Raw. Uncensored. Honest. Fearless. Brash. Effusive. Provocative. Confrontational. Entertaining.
Words that describe equally Mike Clark’s late-night smoke-out Facebook rants and his drumming style. Mike would likely have you believe it’s a New York thing, man. You square, vanilla, boring west-coasters wouldn’t understand.
A sample Facebook post: “I always find it laughable when cats talk about the groove, the pocket the time, gettin real funky and all that bullshit then they get up there and play as loud as they can they walk off the stage thinking it was killin ..meanwhile at that volume there is no funk, no groove, no grease and you can’t play shit inside it..that is some juvenile stupid shit…”
A sample of his drumming style was dished out last night in a rare L.A. appearance at Upstairs at Vitello’s with The Wolff & Clark Expedition. One thing is certain: The man knows something about playing shit inside a groove.
It doesn’t require much interpretation to understand that Clark considers himself a bop drummer who happened to gain notoriety, and incidentally a career, from his stint as the supremely funky drummer in Herbie Hancock’s seminal 70s fusion band, The Headhunters. By applying his bop roots and aesthetic to the stanky cauldron of funk that was San Francisco’s East Bay music scene at the time, he won the gig and helped change the instrument.
The performance at Vitello’s forty years later mostly showcased those roots. In addition to a couple swinging Michael Wolff originals, the late set hinted at a Real Book jam at times including renditions of “Song for My Father” and “Mercy Mercy Mercy.” Choices that may have seemed lazy at first were adequately justified by accounts of the personal connections behind them. And what the hell, this wasn’t just any jam: Wolff and Clark were joined onstage by veterans Bob Sheppard and Tony Dumas.
The inclusion of the incessant Zawinul composition–a piece Wolff played with Cannonball Adderley–alongside the more straight-ahead swingers, revealed a perhaps ironic dichotomy of Clark’s drumming style; and one he might adamantly rebuke. On or off Facebook.
He is an accomplished bop drummer. As a funk drummer he is exceptional.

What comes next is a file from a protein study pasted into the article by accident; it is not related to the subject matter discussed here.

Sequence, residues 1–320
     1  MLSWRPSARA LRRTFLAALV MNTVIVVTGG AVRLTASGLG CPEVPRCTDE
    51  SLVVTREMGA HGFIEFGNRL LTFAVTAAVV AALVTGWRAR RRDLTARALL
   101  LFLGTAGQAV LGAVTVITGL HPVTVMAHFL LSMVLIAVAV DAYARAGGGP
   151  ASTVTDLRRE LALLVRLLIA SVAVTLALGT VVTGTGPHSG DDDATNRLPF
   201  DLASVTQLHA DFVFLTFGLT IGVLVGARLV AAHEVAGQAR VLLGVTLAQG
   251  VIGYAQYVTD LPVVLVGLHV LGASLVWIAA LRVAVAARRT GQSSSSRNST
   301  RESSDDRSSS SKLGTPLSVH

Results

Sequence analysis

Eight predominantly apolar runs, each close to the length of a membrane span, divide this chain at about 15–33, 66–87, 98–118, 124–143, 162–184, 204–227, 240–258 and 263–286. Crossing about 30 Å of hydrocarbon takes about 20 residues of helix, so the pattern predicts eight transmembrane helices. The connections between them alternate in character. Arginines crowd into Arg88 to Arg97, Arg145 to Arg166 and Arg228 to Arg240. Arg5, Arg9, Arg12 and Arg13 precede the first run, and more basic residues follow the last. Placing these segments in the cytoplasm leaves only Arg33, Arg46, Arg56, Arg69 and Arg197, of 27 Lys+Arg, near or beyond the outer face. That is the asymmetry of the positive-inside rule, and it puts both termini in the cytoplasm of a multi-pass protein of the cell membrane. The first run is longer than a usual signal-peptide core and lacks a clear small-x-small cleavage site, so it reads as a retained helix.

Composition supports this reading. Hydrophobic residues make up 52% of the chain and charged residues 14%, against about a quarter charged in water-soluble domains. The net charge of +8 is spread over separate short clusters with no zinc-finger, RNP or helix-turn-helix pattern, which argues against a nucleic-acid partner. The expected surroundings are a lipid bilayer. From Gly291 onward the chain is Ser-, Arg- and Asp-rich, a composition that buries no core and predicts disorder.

He is absolutely right (Duh.) about dynamic and touch largely defining funk, groove, grease, all of it. He took this truth from Melvin, Clyde and Jabo and blended in 52nd Street and the East Bay to create a signature style that is unmistakable, undeniable, and–sorry, Mike–inescapable. It’s a joy and thrill to behold, and still the reason many show up…
Although on this Saturday night for set number two at the now esteemed Studio City jazz club, not so many showed up at all. And for those who did–at least for a large, buzzy center-room tableful–the second set began with an annoyed admonition from Wolff: “I can’t play if you’re going to talk. I mean, I don’t mind not playing, but…”.
I didn’t blame him; I was, empathetically, on his side of the sentiment and stage. Must say, I felt a bit embarrassed for the Los Angeles jazz scene generally and the scene I found myself in specifically. The table at issue got up and left en masse mid-performance just as ill-manneredly as they sat down. The rest of us remained to enjoy these world-class musicians in peace and a full-range of dynamics. Wolff publicly expressed his relief that the table had cleared. “They were pissing me off.” I later wondered if that explained the terse 45 minute set.
Clark proceeded to introduce a new tune saying, “This next one features someone on stage that I’ve been a fan of for a long time…me.”
He wasn’t alone.
Revisit our September 2009 Q&A with Mike Clark.
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Special thanks to April Williams at Upstairs at Vitello’s.